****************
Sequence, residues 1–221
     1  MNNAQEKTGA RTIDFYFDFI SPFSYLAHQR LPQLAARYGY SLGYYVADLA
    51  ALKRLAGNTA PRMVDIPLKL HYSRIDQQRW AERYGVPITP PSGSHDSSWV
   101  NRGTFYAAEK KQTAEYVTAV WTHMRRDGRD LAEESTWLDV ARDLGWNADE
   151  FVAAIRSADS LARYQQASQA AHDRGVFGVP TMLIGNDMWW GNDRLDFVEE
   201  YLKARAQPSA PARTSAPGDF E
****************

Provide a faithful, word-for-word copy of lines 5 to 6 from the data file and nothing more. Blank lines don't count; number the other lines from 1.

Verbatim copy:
   151  FVAAIRSADS LARYQQASQA AHDRGVFGVP TMLIGNDMWW GNDRLDFVEE
   201  YLKARAQPSA PARTSAPGDF E